Monday, January 11, 2010
Caravaggio is my favorite painter. Painting in the beginning of the era known as "Counter-reformation," Caravaggio is known for his realism, his use of light and shadow and the dynamic scenes he depicts in his pictures. He was definitely a contemporary artist, in the current sense of the word. Whereas his contemporaries were still painting angels and prophets in heaven in the Renaissance style, Caravaggio chose his models from the slums of Rome, and painted Biblical scenes in contemporary Rome. This struck a chord in the illiterate masses, whom the Catholic church were trying to "protect" from the influence of the Reformation coming from the Teutonic world. Not similar to contemporary artists of today, he was very popular among the masses.
There was something very "modern" in Caravaggio's attitude and style, that I could feel and see in his paintings, and was not able to name. Yesterday, I started reading Michael Focault's review of Kant's short piece "Answer to the question: What is Enlightment?" In it I found exactly the phrase, which describes Caravaggio's modernity:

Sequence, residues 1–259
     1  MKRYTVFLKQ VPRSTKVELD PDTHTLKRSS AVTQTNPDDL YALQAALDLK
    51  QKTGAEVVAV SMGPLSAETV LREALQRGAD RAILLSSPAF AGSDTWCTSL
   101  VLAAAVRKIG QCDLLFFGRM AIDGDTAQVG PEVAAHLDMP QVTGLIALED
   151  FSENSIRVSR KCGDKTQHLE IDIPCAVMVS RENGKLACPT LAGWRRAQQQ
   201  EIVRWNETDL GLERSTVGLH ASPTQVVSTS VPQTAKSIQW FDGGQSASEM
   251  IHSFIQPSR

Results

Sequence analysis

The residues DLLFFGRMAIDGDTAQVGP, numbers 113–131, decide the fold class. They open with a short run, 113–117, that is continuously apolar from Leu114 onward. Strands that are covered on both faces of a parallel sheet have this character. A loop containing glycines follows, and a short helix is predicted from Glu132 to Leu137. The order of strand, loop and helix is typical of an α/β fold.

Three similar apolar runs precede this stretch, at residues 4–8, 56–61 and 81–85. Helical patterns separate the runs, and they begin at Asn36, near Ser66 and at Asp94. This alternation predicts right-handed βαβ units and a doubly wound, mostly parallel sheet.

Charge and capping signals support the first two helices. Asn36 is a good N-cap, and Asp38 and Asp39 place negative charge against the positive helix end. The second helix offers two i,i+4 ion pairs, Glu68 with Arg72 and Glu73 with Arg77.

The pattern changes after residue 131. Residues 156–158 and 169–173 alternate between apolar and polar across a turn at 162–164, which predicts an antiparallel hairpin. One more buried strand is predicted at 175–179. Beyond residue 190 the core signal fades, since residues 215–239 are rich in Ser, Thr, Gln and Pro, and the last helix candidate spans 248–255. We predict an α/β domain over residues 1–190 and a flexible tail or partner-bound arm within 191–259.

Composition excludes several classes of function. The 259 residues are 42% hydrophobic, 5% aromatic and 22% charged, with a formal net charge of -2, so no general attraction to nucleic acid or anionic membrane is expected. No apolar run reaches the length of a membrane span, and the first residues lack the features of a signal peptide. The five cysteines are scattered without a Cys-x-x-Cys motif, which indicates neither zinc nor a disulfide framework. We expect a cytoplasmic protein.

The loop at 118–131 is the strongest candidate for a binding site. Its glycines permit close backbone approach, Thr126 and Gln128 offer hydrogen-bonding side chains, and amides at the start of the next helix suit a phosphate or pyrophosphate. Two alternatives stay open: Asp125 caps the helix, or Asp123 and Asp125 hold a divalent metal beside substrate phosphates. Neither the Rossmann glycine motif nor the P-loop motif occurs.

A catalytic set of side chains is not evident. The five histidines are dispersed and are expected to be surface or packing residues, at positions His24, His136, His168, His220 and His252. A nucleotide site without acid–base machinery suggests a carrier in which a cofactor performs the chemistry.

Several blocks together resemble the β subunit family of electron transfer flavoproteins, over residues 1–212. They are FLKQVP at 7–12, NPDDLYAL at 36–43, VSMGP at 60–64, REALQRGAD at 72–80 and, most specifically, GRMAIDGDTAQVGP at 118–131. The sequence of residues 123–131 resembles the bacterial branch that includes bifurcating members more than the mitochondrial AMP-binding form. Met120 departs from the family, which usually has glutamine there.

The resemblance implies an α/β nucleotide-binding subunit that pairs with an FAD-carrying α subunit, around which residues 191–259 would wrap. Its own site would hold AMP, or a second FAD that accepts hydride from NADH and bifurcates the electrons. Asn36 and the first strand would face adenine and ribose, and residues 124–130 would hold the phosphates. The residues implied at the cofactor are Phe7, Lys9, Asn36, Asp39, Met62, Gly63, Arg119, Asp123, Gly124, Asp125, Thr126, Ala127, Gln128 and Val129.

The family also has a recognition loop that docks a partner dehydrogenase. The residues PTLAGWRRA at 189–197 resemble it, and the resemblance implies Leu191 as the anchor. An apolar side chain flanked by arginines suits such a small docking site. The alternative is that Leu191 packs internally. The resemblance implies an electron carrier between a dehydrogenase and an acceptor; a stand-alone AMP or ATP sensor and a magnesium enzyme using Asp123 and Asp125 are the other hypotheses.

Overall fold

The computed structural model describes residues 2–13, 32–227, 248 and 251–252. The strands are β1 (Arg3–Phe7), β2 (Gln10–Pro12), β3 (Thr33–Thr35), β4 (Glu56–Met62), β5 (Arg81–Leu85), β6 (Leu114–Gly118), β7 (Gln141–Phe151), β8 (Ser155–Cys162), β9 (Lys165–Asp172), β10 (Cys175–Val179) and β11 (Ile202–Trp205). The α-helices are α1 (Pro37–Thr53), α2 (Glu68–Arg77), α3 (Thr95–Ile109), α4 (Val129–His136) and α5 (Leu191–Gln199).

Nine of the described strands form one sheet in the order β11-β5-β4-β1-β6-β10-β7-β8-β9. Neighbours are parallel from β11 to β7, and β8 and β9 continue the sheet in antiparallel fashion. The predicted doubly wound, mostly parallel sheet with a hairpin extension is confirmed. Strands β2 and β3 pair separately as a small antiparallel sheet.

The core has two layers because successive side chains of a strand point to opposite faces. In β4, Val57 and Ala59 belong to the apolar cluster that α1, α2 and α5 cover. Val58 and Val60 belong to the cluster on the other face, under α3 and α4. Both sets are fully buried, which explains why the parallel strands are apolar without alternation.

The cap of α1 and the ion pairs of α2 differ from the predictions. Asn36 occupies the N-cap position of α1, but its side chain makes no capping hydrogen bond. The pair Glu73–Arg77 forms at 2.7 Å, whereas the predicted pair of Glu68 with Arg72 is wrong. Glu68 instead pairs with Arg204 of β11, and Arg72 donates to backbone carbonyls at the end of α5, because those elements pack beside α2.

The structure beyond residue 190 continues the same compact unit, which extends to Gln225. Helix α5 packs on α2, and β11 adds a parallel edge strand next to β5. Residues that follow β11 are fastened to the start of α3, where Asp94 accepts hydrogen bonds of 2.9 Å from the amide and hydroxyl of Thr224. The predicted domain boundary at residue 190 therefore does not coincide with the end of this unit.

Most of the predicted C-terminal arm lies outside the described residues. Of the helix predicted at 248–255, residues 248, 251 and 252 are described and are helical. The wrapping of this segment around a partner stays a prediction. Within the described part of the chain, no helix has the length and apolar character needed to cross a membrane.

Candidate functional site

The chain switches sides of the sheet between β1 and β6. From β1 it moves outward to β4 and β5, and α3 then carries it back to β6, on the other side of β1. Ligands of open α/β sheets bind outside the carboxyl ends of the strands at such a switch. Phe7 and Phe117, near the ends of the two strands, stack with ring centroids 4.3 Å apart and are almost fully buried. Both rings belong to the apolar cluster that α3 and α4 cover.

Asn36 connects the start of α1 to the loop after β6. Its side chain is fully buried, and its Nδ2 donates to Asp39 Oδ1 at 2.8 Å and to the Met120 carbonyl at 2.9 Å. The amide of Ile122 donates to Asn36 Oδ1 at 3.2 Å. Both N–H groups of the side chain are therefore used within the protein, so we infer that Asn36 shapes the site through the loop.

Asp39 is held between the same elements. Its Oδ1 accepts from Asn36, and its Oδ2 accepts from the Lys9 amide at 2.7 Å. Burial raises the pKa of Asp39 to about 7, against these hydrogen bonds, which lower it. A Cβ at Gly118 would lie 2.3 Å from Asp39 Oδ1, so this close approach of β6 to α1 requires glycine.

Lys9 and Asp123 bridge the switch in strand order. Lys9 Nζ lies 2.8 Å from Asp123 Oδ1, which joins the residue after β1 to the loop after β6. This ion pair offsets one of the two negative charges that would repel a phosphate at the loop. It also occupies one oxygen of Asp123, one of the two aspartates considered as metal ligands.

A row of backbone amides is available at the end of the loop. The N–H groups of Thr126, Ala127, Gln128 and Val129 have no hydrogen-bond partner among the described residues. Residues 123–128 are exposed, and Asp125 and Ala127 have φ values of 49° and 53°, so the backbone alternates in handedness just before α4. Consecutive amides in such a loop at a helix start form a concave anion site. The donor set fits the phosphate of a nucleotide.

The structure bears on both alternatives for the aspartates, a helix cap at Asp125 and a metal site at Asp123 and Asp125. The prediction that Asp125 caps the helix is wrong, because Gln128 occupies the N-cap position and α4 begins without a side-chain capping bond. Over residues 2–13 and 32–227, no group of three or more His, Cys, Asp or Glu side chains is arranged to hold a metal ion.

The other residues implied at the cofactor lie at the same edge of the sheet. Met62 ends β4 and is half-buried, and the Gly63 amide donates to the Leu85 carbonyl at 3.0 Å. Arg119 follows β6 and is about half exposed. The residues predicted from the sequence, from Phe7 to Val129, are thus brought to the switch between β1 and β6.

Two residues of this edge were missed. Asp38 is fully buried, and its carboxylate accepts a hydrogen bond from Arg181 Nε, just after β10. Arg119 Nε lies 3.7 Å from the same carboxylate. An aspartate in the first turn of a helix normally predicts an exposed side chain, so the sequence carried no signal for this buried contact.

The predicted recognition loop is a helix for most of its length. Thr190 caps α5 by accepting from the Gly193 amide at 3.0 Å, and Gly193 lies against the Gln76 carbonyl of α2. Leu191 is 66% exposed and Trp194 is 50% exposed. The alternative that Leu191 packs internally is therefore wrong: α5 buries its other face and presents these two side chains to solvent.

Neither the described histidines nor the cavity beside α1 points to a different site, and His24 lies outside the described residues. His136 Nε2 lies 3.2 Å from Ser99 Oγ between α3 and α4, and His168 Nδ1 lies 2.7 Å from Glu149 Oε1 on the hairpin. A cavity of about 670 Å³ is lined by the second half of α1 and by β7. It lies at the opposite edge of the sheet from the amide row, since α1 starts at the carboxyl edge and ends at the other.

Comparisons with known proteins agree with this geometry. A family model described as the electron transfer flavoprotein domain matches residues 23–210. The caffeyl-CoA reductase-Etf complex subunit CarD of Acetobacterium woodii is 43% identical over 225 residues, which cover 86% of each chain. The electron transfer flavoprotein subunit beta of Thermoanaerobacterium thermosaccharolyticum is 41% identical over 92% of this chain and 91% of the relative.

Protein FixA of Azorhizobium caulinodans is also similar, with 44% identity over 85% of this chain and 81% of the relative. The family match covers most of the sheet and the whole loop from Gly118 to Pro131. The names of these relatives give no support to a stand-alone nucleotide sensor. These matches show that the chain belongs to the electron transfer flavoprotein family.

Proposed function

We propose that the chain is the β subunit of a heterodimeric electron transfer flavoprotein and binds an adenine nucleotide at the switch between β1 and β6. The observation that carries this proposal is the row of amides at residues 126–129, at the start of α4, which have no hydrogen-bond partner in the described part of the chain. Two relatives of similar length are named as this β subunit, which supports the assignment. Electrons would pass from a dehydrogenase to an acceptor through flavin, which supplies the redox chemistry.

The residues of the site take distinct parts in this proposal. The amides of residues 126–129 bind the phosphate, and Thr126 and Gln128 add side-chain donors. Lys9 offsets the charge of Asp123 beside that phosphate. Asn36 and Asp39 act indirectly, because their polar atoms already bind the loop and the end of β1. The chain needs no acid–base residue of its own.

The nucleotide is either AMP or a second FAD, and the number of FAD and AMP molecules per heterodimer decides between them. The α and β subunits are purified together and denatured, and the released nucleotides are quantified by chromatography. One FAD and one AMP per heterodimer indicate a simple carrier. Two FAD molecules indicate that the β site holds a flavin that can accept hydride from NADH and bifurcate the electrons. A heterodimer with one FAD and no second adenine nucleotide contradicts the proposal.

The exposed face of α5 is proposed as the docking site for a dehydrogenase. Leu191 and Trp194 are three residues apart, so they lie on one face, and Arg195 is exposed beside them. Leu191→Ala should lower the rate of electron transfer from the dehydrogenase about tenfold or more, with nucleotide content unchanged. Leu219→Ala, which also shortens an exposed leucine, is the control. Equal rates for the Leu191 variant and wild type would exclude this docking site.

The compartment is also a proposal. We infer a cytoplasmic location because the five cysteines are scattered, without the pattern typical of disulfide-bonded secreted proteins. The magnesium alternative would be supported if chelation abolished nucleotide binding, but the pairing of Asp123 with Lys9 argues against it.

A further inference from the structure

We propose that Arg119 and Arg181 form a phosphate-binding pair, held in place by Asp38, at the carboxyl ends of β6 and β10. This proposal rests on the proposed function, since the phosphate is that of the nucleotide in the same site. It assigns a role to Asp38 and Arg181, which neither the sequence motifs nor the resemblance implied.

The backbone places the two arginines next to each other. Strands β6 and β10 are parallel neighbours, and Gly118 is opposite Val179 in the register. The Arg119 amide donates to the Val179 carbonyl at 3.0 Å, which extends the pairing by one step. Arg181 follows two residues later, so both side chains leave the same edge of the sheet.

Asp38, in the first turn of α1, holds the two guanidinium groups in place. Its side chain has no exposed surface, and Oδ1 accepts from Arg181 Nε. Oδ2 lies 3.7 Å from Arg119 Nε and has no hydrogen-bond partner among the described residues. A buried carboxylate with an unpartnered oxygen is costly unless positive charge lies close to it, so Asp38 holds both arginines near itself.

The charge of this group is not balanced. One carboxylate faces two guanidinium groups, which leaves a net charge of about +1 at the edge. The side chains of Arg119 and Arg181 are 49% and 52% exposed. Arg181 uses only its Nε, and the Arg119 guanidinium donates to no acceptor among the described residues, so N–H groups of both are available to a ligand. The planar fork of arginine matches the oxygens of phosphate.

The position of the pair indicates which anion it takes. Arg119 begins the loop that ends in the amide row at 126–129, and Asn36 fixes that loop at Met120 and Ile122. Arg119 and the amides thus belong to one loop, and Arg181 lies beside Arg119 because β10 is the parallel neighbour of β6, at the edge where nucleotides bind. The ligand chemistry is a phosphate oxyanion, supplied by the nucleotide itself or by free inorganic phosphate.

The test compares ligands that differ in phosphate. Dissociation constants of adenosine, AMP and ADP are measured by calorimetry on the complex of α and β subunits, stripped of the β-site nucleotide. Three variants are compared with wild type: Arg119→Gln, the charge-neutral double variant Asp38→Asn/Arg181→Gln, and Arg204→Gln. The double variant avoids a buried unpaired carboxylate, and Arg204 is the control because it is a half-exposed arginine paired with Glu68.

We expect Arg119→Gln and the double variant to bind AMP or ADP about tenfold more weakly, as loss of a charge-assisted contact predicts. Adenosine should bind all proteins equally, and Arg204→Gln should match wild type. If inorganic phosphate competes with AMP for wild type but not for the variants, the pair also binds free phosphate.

"Modernity is the attitude that makes it possible to grasp the 'heroic' aspect of the present moment. Modernity is not a phenomenon of sensitivity to the fleeting present; it is the will to 'heroize' the present."
The paintings The Calling of St. Matthew and The Card Players demonstrate this point extremely well.